• 68 Metascore
    • 80 Critic Score
    Screenwriters Ben Collins and Luke Piotrowski lay the foundations for a conventionally well-built haunted-house chiller. But Bruckner (a V/H/S anthology alumnus who also gave us 2017’s tight little wilderness horror The Ritual) and Hall herself occasionally deviate from the plan, forming something a little more strange and sculptural.
  16. Reynolds is like a puppy dog who moonlights as a male model, or maybe vice versa. He’s the only reason to see Free Guy, but you already know this going in.
  17. CODA knows how to work that conventional-to-a-fault indie feeling like a champ. You may exit smiling. Just don’t be surprised if you also experience the sensation of having just been Sundanced to death.
  18. [Franklin's] music blows the movie out of the water — and the movie, at its best, is wise to let itself get blown away.
  19. Homeroom’s power in is allowing us — encouraging us — to hear these students out for themselves, bearing witness to political identities in the midst of their formation, still molten and moldable and all the more useful to see for that fact.
  20. The premise is ripe; the thrills are rich; the payoff doesn’t come together quite as easily as the rest.
  21. Although Reminiscence doesn’t try to hide any inherent metaphors — what are most movies these days, really, but nostalgia machines, designed for those stuck in the past? — it doesn’t do much with the material besides fashion something like a dull-edged Blade Runner.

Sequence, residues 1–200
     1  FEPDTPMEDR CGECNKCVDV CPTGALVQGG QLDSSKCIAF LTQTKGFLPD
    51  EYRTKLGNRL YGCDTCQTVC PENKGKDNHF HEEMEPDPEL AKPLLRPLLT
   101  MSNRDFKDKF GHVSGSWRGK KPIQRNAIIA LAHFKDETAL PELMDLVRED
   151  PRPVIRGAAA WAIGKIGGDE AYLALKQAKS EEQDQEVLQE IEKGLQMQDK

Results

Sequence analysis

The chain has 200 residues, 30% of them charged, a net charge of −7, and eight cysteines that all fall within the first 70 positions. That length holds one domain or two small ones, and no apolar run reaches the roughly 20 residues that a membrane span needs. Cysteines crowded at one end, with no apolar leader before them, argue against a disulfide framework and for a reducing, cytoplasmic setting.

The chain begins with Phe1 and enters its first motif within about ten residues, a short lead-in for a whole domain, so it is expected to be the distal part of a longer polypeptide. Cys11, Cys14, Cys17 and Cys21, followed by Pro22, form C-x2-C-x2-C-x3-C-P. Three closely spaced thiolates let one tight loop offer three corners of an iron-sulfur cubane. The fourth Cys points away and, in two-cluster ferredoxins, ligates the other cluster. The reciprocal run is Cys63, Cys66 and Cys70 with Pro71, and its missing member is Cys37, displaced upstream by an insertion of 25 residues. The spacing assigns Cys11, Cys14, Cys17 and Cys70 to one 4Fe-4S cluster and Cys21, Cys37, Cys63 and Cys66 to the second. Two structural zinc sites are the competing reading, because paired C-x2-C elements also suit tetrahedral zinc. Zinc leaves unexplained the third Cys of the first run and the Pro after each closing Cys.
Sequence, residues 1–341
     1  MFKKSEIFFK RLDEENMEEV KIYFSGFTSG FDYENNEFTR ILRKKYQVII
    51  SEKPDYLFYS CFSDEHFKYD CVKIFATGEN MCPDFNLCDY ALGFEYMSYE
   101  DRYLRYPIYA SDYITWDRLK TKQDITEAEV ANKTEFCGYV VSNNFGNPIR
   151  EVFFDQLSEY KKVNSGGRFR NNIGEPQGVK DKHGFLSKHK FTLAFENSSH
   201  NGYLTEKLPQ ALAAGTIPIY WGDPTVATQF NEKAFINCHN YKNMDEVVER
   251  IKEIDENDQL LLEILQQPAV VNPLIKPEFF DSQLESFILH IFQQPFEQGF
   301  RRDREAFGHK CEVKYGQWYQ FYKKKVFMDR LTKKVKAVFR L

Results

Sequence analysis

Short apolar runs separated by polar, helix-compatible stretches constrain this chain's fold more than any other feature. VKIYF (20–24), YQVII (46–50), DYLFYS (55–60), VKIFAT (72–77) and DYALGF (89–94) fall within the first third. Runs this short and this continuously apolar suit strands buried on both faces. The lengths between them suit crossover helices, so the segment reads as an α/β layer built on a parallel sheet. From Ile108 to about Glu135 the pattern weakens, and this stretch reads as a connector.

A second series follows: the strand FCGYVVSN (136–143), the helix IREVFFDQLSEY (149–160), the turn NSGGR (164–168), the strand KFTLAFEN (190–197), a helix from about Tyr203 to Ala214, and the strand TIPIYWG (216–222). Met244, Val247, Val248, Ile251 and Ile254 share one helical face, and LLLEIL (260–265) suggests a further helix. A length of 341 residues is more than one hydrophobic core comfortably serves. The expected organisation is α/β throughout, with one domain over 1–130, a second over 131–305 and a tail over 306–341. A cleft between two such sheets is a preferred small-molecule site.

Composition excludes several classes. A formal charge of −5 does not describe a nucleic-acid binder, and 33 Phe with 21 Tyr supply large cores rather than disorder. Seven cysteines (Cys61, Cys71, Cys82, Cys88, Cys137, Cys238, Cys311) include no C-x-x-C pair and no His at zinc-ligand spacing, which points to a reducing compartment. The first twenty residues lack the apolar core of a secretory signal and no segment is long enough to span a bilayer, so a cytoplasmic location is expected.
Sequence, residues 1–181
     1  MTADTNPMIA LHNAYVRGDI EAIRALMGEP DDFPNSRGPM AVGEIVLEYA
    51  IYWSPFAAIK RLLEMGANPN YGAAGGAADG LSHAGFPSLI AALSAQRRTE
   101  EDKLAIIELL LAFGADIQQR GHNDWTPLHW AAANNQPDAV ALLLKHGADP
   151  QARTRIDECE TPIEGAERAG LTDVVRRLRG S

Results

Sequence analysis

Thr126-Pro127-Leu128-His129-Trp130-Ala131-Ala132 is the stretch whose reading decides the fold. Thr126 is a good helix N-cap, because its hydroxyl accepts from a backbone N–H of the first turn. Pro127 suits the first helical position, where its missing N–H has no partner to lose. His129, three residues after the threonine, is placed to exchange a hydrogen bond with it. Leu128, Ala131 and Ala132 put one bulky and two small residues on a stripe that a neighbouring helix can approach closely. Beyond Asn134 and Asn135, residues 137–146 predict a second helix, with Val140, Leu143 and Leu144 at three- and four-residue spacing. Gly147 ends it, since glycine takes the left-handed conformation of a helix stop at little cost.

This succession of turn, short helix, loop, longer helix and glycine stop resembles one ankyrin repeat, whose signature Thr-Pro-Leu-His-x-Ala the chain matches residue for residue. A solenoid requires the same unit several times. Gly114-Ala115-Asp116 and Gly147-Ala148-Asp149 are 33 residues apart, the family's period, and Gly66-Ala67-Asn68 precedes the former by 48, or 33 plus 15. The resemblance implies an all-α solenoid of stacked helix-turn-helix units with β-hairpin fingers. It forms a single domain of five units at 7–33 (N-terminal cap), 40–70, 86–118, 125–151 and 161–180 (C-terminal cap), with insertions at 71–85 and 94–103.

22. Even with its simple set-up and at a scant 71 minutes, there’s an entire buffet for thought laid out here. Alexandrowicz may have given us the single best documentary of the year; he has undoubtedly given us one of the most vital.
  23. The movie is too much, too long, but not lacking in its glories. To find them, follow Harley. She’s leading the way.
    • 66 Metascore
    • 50 Critic Score
    An otherwise mild-mannered diversion from the American indie hinterland, Swan Song is the rare film to give this cult actor the center-stage spotlight, and a mirrorball-refracted spotlight at that. The fact that he’s in every scene of Todd Stephens’ sentimental queer comedy is, it turns out, the boldest decision in a film that doesn’t always honor its professed credo to live life out loud.
  24. The movie’s attentive sense of noticing makes its flaws, its leaps in logic, easier to notice. But this seems to matter less to the filmmakers than what the style has to offer the movie in terms of a message; on this front, Stillwater is tellingly consistent.
  25. It’s heavy, heady stuff, coming at you via a delivery system of catalog-worthy set design, magic-hour cinematography, and often tamped-down, deadpan performances. And somehow, it all works in harmony to create a ripple effect of feeling that reverberates strongly under its placid surfaces.
  26. It’s something closer to an amusement-park attraction named Generic Blockbuster Cruise, where you slowly glide past a bunch of prefab set-ups — over there you’ll see some thrills, look out on your right for some spills and chills — and the whole thing moves inexorably forward on a track, while a skipper cracks the same corny jokes.
  27. This being a Lowery tale, the monolithic, the overwhelming, are only more powerful for being rendered in intimate, miniaturized terms. The creepiness creeps just that much more; fear is heightened; fantasies, mysteries tingle with a sense of the unpredictable.
  28. For Joe Bell to largely be a tale of one man’s inner journey rather than a dive into the unknowns of his son’s inner life and eventual tragedy is not out of turn. It is a worthwhile story to tell. The flaw is not in assigning gravity to Joe’s journey.